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From aaron morton <aa...@thelastpickle.com>
Subject Re: really bad select performance
Date Sat, 31 Mar 2012 19:22:33 GMT
Is there anything in the logs when you run the queries ? 

Try turning the logging up to DEBUG on the node that fails to return and see what happens.
You will see it send messages to other nodes and do work itself. 

One thing to note, a query that uses secondary indexes runs on a node for each token range.
So it will use more than CL number of nodes. 

Cheers

-----------------
Aaron Morton
Freelance Developer
@aaronmorton
http://www.thelastpickle.com

On 30/03/2012, at 11:52 AM, Chris Hart wrote:

> Hi,
> 
> I have the following cluster:
> 
> 136112946768375385385349842972707284580     
> <ip address>  MountainViewRAC1        Up     Normal  1.86 GB         20.00%  0
                                          
> <ip address>  MountainViewRAC1        Up     Normal  2.17 GB         33.33%  56713727820156410577229101238628035242
     
> <ip address>  MountainViewRAC1        Up     Normal  2.41 GB         33.33%  113427455640312821154458202477256070485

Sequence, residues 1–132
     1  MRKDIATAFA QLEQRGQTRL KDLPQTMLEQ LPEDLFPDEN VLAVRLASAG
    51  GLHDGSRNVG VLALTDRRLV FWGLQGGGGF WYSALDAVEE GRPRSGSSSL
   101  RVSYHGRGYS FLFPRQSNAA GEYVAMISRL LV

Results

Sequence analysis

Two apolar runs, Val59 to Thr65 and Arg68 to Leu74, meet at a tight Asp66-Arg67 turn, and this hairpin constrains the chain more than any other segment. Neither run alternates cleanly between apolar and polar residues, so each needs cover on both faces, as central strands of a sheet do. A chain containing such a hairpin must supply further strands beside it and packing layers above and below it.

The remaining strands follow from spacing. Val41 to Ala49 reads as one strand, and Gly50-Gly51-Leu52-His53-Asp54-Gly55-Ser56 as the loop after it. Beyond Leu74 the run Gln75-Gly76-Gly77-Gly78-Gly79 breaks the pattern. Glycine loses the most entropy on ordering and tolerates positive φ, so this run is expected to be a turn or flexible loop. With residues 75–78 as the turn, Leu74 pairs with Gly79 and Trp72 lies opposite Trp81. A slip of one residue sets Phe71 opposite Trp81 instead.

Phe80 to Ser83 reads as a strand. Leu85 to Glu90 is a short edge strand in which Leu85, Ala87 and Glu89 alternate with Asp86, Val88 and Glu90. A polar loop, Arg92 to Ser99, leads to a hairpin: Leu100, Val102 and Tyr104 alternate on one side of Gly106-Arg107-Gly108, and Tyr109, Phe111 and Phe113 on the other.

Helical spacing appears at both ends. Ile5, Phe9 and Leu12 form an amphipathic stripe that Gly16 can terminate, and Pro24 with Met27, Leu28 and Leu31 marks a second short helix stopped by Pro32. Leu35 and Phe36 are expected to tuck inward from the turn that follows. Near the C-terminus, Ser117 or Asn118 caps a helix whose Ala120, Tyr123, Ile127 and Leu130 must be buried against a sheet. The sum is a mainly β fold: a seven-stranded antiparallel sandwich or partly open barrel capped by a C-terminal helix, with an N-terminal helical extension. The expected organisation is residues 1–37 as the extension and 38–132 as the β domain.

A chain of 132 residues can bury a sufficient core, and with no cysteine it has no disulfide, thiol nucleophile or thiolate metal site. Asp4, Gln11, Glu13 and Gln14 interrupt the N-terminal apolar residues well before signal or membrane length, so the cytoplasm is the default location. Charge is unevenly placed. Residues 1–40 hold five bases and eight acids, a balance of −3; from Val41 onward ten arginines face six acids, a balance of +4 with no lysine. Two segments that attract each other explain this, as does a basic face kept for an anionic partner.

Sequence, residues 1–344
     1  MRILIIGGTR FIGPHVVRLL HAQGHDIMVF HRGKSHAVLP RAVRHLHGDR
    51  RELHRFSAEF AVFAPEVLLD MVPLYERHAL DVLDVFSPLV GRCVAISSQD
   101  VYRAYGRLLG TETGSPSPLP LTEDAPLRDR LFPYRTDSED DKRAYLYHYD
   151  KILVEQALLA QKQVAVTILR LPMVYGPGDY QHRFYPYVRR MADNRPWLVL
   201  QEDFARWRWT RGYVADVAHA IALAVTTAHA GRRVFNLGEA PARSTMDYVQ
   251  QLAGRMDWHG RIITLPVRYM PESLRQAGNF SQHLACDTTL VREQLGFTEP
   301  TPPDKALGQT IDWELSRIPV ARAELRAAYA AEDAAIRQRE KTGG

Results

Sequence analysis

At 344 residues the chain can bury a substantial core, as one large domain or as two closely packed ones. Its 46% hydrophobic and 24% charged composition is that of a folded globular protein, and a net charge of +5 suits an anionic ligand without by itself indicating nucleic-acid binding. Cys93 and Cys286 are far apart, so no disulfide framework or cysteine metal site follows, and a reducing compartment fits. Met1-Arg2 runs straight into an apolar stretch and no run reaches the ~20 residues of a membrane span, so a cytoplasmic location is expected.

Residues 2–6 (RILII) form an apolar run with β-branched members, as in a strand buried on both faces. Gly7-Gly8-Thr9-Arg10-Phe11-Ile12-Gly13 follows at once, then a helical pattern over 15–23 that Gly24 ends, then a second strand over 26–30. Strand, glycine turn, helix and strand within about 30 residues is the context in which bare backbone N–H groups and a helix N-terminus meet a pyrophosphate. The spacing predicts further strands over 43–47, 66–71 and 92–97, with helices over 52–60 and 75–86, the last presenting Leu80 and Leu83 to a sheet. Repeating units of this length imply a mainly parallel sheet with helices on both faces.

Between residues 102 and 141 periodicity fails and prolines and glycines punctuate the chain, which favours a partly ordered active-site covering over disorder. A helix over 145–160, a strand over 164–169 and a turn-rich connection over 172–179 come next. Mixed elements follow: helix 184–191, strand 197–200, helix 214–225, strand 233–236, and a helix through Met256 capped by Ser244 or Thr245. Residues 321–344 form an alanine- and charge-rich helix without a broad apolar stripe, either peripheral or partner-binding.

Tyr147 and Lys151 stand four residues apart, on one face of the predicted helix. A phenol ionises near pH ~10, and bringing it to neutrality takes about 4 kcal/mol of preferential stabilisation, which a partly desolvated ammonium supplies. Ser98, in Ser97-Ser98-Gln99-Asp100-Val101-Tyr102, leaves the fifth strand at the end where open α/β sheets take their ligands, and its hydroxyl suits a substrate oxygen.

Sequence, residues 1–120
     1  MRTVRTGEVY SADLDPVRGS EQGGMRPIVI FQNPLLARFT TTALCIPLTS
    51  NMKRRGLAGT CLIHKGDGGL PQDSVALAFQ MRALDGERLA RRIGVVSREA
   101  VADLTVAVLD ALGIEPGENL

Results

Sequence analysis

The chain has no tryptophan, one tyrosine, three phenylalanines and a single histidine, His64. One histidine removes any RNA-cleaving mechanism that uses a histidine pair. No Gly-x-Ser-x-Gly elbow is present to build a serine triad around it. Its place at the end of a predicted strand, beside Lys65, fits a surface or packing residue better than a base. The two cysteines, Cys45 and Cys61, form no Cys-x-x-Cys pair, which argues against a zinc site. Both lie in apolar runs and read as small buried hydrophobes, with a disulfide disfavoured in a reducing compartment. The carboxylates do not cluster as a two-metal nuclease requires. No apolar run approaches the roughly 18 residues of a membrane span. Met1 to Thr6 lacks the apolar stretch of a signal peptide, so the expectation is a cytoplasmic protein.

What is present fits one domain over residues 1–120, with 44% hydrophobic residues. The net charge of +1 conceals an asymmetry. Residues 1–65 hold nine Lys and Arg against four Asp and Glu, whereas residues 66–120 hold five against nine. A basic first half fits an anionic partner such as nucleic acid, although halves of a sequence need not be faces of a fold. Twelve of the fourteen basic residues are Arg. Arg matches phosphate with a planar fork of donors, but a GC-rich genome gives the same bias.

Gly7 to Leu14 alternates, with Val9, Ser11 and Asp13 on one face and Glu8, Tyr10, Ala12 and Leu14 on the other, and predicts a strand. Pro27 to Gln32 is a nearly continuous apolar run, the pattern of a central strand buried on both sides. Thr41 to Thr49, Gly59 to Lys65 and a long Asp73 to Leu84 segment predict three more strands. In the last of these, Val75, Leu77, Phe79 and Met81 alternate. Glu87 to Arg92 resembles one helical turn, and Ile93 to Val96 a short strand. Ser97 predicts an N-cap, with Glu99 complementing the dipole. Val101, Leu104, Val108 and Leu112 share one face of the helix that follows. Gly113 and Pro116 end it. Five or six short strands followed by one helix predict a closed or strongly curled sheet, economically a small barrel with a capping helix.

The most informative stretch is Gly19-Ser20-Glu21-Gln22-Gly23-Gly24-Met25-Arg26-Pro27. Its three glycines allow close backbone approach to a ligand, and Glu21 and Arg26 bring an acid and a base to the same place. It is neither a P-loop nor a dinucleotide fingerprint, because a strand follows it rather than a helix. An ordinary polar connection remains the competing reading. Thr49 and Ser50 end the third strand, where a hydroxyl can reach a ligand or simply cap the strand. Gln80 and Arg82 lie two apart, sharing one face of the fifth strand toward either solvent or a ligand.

> <ip address>     Rackspace   RAC1        Up     Normal  3.9 GB          13.33%
 136112946768375385385349842972707284580    
> 
> The following query runs quickly on all nodes except 1 MountainView node:
> 
> select * from Access_Log where row_loaded = 0 limit 1;
> 
> There is a secondary index on row_loaded.  The query usually doesn't complete (but sometimes
does) on the bad node and returns very quickly on all other nodes.  I've upping the rpc timeout
to a full minute (rpc_timeout_in_ms: 60000) in the yaml, but it still often doesn't complete
in a minute.  It seems just as likely to complete and takes about the same amount of time
whether the limit is 1, 100 or 1000.
> 
> 
> Thanks for any help,
> Chris


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